People only get together right at the very end.

Posted: November 27, 2009 in best things, Family, Food, Friends, Holiday, Video, weekend

First: Oh, happiness!

Thanks to Avitable for posting it on his blog today.


Cooking question. So, I made my grandmother’s Melt In Your Mouth Blueberry Cake, for Thanksgiving dessert. It came out really well, even though there were no fresh blueberries to be found and I had to use frozen. My question is this: the recipe calls for the egg whites and yolks to be separated. I blended the whites and some sugar together at the beginning of the process and set aside as instructed. Then when everything else was mixed together, I folded the egg white/sugar mixture in at the very end as the last step (after adding the blueberries, even) before putting the batter into the pan and baking it.

Any idea why I would need to do that? Why wouldn’t this recipe be just another one of those deals where I would blend all of the dry ingredients in one bowl, all of the wet ingredients into another bowl, then incorporate the dry into the wet and fold the blueberries in last? I’ll probably just try doing that the next time I make this recipe, but I wondered if there was some sort of scientific reason for the process as outlined in the recipe.


Thanksgiving was very, very quiet. As suspected, only Calvin Bill and I ate (and there is now a CUBIC TON of leftovers). Robert and Joy (his girlfriend that I said I needed to “make up a name for”, and now don’t have to!) came over for a couple of hours to visit, but they were stuffed full from dinner at her parents’ house and so only had a small piece of pumpkin pie. Amanda was doing the rounds at her mom’s house and at her boyfriend’s mom’s house (same guy, long story, drama drama drama) so she left at about 2:30 and spent the night away from home. Bill (ha! didn’t mess up that time!) played DJ while I cooked, we watched some football, and got all warm fuzzy with our bad selves. I talked to my sister and my uncle, and Bill and I both chatted with Heather for a good long while.

We went to bed fairly early in a belly-stuffed haze, but I found that I wasn’t ready to fall asleep. “Love Actually” was on and I watched nearly the whole thing, finally turning it off at around 12:30. This is my favorite scene; I wish I could embed it. I maintain that “Love Actually” is just about the most perfect movie ever. It just… makes me happy.

And that was that.


Oliver is finally home! They got home from the hospital yesterday afternoon – a great way to celebrate Thanksgiving! Little Ollie is quite the fighter. Even the doctors were amazed at his recovery. His parents are overjoyed and, of course, relieved. Thanks to everyone for their continued prayers and thoughtfulness!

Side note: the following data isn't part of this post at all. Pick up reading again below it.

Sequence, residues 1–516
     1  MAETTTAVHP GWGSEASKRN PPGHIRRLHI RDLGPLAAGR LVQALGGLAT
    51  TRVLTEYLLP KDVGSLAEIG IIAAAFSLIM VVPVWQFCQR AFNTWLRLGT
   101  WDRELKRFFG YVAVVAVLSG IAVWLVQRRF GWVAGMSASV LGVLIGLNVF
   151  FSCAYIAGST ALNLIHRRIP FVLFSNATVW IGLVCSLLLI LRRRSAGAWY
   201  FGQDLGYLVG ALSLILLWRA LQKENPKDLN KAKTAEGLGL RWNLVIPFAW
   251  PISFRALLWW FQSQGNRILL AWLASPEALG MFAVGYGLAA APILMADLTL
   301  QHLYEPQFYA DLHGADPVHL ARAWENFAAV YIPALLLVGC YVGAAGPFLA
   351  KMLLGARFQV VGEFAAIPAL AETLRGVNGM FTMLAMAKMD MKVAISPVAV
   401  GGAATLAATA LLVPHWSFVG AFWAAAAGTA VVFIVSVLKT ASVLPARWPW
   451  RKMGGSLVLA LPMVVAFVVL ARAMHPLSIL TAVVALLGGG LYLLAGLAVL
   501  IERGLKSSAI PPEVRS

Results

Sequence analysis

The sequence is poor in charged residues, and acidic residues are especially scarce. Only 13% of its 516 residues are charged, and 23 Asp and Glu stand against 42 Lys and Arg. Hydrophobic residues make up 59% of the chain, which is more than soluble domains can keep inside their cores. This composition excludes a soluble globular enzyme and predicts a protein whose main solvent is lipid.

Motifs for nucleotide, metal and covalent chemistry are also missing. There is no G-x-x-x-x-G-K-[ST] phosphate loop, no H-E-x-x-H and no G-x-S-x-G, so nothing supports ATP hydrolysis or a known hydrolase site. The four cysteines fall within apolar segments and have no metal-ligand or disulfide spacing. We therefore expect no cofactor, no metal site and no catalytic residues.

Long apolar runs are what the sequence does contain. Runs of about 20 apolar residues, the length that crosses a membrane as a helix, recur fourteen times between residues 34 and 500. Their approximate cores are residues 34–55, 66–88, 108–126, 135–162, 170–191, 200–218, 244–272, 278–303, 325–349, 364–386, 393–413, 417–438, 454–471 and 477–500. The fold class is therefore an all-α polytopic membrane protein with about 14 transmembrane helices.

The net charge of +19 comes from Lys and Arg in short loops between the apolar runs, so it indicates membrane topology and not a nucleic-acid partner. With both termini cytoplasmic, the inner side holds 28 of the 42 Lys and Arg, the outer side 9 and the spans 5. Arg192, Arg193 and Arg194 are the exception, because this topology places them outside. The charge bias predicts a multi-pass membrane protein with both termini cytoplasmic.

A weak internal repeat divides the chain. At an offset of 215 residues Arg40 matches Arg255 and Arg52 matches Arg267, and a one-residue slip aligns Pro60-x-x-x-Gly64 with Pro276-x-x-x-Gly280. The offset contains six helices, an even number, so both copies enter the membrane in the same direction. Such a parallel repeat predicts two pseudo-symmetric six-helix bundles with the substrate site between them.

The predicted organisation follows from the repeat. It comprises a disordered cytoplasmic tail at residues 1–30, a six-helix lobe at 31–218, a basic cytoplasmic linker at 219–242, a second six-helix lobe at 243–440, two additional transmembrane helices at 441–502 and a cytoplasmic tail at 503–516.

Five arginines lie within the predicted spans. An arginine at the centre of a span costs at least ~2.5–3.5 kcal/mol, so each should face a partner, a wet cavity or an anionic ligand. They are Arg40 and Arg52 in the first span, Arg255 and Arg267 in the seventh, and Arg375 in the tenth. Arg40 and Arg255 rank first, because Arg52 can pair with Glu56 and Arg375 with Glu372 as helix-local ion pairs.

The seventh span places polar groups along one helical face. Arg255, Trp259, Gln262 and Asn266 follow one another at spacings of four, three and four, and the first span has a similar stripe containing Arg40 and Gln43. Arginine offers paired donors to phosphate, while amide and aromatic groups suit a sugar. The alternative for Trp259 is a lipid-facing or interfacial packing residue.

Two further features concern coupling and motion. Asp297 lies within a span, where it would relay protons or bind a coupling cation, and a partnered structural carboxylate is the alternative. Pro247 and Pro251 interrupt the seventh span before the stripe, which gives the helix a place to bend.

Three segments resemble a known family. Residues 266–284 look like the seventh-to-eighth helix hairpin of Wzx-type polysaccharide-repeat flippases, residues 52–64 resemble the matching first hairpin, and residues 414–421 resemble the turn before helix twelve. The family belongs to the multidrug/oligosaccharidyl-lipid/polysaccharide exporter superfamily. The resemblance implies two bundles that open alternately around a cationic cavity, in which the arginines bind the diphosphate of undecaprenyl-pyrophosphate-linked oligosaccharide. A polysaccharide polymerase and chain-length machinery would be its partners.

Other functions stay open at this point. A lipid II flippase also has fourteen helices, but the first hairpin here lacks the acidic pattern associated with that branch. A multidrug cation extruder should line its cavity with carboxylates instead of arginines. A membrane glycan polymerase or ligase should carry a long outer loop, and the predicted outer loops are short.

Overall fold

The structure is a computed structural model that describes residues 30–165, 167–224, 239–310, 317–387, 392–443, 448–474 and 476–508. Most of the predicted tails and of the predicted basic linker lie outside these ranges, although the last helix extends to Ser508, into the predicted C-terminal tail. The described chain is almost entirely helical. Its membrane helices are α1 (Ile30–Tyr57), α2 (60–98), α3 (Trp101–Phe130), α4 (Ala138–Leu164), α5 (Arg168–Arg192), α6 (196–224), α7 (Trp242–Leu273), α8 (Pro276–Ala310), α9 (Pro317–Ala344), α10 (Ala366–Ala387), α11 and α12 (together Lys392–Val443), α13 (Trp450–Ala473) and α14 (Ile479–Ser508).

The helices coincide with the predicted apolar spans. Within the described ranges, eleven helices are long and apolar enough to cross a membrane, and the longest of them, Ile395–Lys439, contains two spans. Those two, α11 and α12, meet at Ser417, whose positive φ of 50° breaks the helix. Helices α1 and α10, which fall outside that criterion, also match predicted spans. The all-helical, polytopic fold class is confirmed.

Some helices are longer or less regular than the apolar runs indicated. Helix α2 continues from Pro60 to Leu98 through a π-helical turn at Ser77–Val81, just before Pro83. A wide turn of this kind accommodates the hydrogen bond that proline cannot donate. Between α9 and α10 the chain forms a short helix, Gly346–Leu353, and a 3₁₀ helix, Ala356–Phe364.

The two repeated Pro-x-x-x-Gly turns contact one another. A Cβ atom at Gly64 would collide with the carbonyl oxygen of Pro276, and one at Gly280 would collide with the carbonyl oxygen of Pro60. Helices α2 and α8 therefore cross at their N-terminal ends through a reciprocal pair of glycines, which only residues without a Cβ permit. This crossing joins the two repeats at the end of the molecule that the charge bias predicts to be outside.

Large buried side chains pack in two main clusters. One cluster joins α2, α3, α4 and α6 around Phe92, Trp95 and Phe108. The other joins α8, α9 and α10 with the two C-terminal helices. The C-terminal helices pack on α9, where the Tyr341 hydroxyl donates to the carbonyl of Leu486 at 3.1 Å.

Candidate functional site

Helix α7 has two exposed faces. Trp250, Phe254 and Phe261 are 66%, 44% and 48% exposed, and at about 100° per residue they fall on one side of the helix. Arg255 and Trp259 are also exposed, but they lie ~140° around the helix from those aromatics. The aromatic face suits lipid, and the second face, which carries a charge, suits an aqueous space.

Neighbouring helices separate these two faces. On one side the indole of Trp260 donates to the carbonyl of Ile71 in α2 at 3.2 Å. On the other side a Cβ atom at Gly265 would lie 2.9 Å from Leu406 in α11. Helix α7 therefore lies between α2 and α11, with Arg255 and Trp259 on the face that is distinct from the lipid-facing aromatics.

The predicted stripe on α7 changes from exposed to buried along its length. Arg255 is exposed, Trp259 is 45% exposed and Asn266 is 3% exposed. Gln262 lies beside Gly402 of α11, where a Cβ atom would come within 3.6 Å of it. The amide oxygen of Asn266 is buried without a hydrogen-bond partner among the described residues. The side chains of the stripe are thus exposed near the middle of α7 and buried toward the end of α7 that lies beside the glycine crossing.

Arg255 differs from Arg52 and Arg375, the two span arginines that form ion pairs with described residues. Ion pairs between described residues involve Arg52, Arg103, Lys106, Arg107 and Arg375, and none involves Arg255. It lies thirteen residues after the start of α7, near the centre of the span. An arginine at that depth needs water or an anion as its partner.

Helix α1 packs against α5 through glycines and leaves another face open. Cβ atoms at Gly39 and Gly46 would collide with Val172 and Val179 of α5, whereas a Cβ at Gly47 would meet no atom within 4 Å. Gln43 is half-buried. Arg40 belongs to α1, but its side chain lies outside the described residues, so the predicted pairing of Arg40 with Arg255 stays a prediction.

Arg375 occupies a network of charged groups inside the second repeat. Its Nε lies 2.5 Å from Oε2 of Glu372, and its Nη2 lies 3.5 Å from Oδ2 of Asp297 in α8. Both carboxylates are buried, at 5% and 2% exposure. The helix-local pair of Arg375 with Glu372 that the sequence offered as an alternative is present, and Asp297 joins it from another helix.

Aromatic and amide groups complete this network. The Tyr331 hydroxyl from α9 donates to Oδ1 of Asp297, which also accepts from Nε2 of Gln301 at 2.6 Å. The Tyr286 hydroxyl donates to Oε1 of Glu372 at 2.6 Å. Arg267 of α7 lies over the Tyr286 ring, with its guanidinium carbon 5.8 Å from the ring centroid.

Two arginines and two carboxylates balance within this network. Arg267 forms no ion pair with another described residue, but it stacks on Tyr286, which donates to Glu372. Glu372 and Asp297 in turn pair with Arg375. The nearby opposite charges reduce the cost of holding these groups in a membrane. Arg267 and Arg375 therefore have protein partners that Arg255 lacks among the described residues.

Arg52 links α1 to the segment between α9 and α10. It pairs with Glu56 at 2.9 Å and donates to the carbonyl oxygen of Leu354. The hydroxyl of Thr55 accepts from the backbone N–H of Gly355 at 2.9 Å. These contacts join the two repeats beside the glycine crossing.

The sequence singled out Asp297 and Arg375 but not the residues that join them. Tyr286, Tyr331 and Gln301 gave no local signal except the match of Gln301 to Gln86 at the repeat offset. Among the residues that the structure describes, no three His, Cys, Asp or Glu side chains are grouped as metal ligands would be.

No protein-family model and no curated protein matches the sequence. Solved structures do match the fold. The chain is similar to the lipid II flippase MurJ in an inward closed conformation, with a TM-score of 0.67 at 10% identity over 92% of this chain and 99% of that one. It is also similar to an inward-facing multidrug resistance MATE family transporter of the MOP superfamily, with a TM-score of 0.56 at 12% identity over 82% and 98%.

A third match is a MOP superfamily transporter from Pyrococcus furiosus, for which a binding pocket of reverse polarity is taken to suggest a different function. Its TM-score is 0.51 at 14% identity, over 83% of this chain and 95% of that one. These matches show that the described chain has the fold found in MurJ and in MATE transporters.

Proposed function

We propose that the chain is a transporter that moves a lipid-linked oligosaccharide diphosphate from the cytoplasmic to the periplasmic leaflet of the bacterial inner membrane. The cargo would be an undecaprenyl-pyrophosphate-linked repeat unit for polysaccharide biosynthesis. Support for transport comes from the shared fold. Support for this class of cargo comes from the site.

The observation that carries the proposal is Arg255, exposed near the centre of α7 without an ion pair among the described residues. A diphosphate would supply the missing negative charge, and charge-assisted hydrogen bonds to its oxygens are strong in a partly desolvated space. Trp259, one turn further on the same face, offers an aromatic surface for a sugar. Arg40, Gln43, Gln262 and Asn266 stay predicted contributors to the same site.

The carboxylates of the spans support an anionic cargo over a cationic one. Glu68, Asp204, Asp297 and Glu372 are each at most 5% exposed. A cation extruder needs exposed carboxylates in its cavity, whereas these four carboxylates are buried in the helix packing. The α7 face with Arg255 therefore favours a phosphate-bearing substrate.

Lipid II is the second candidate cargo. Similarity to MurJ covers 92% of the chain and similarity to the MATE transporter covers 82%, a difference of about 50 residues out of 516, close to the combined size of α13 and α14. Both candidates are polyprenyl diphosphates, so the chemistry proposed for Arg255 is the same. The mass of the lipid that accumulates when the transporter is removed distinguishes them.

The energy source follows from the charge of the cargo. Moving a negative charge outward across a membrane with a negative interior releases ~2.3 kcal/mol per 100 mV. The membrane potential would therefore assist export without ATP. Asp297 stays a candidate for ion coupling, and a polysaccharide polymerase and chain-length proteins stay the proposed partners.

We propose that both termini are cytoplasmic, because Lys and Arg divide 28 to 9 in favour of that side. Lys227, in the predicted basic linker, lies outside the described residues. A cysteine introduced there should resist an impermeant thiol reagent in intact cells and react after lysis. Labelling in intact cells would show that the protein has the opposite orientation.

Okay, I’m going to drag Bill (ha! did it again!) out of bed and see what’s what for the day. Take care!

  1. jadesymb says:

    Egg whites ribboned with sugar creates a leavening effect. By doing it in two steps the cake will rise more then if you just mixed it all at once. Technically to get the maximum rise you would beat the egg whites with no sugar to soft peaks and then fold them in at the end. Looking at the components of the cake I would calculate that a dump it all in the bowl method would rise about a 1 cm less then the folded egg white technique.

  2. Kimmothy says:

    I’m glad jadesymb answered that because I was about to say anytime I’ve questioned something like that then went ahead and did it a way that seemed more logical to me, I’ve been burned. Bad.
    My big question is: did you try the bacon on the turkey trick???

    • Tiffany says:

      I didn’t! I forgot to get unsalted bacon and only had salted, then didn’t trust that the turkey wouldn’t be too salty if I’d used it. It still turned out great, though!

  3. iamheatherjo says:

    My friend Cassie posted that Muppets clip on my FB a few days ago and then Kim was going to do it and now it’s here too. hahaha…

  4. crisitunity says:

    The egg whites also affect the texture, if I’m not wrong. It lightens the batter, makes it more frothy, which translates to a lighter cake. At least that’s what Alton Brown told me…

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